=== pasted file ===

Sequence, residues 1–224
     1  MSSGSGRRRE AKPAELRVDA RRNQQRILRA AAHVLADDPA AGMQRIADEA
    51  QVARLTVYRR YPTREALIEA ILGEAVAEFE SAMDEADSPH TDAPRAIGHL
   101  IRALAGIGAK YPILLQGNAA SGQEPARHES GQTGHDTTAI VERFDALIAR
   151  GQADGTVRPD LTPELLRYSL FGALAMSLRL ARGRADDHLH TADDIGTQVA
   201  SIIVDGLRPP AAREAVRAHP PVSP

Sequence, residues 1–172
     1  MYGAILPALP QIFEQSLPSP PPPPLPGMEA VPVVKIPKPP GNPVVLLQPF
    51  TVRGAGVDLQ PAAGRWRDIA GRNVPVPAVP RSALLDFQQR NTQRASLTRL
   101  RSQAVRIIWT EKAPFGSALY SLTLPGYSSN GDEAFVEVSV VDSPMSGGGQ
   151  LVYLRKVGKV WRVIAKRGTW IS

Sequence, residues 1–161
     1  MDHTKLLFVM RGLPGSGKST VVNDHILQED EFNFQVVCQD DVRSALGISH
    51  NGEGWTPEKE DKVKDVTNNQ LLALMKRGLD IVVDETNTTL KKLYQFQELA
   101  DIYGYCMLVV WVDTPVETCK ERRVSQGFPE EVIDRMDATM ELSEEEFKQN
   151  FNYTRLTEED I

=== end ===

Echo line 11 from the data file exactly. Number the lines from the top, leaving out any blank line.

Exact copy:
   151  LVYLRKVGKV WRVIAKRGTW IS